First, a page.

She shrugged. “I just dialed the operator. I figured she could tell me.”
“What did you ask?”
“I asked her for the phone number to heaven.” Caroline wore her absolutely-positively-serious face.
“What’d she say?” I tried to give it right back to her.
“She asked me who I wanted to talk to, so I told her Jesus.”
“She said she didn’t have that number.” Big pause from my sister.
We looked at each other, blinking, then our respective light bulbs flashed in our heads at the same moment. We ran to the kitchen, cotton nighties flying behind us, and flung open the cupboard door under the counter where the phone hung on the wall. We retrieved the Orange County phone book and put it on the coffee table in front of Tom and Jerry on TV. We started looking.
I was a good and early reader, and Caroline was not far behind me. We looked up all the Jesuses we could find. Much to our surprise, we discovered that there were a lot of them. They had last names, too, which was news to us. We didn’t know he had a last name. We hauled the phone book back to the phone, climbed up on the chair and started dialing Jesus.
Because I was the oldest, I started. “Hi, I’m looking for Jesus,” I’d begin, and a woman’s voice would invariably call out, “Jesus!”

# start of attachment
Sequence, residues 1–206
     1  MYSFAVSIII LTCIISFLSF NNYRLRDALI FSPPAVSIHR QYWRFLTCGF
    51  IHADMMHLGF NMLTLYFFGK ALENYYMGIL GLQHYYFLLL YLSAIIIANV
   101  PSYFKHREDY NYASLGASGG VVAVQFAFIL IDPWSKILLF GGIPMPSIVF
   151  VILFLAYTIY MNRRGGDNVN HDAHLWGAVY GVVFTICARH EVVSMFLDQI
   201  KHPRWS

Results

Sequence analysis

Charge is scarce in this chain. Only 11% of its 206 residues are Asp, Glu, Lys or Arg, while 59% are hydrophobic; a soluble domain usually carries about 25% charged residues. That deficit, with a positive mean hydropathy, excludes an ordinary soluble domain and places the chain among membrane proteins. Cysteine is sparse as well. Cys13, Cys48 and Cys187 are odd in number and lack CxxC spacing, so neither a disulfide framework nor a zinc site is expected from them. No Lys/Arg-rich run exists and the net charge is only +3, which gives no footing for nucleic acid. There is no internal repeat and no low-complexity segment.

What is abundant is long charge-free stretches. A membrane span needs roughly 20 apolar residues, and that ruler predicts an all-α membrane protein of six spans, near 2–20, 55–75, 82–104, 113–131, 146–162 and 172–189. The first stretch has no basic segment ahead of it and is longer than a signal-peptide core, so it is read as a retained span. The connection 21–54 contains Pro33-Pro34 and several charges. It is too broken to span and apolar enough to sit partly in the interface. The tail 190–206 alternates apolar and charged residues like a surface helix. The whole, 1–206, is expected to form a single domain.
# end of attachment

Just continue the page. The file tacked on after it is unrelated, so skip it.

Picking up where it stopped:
A man would come to the phone. “Yes?”
“Hi,” I’d say. “Is this Jesus?”
“It’s Hay-Zeus,” he’d say. “How can I help you?”
I had no idea that Jesus had a Mexican accent, but he did love all the little children of the world, so why not? I had to think fast. What do you ask the Lord?
“I’m wondering why people die,” I began. “I mean, you died on a cross so we would have eternal life, but you came back after you died. Our grandpa just died. Is he coming back to us, or is he in heaven with you?”
Silence on the other end. That’s usually when the poor man would hang up, thinking he was being pranked. But we were—you should excuse the term—dead serious.
Finally, Caroline dialed a cooperative Jesus. She hung onto the big green receiver, looking very serious as he talked to her. She told him about Grandpa. They seemed to have a long conversation, part of it about food for some reason, with Caroline saying, “Uh huh, uh huh,” a lot. When she said goodbye and hung up, I looked up at her, still standing on the chair. “What did he say?”
She smiled down at me. “Grandpa’s with him, and he’s doing fine,” she said. “He said Grandpa will live forever in heaven with him.”
I was disappointed. “He’s not coming back?”
Caroline shook her head back and forth, her little blonde curls dancing. She turned around and backed herself off the chair. “But Jesus says it’s wonderful in heaven—it’s very pretty and there are lots of animals. And a pool.”
A pool! We loved pools. Loved to swim. I frowned. “I didn’t know Grandpa liked to swim,” I said.
“He does in heaven,” Caroline said.
We padded back to the living room, crawled into our respective chairs that cradled our young selves. We returned to our cartoons, watching in silence until Caroline said out of nowhere, “Oh, and Jesus likes enchiladas.” Pause. “He told me.”
I nodded. That seemed good to know somehow.
And so, our spiritual curiosity satisfied for the moment, we sat, secure in the knowledge that if we were ever looking for Jesus, all we had to do is pick up the phone and call.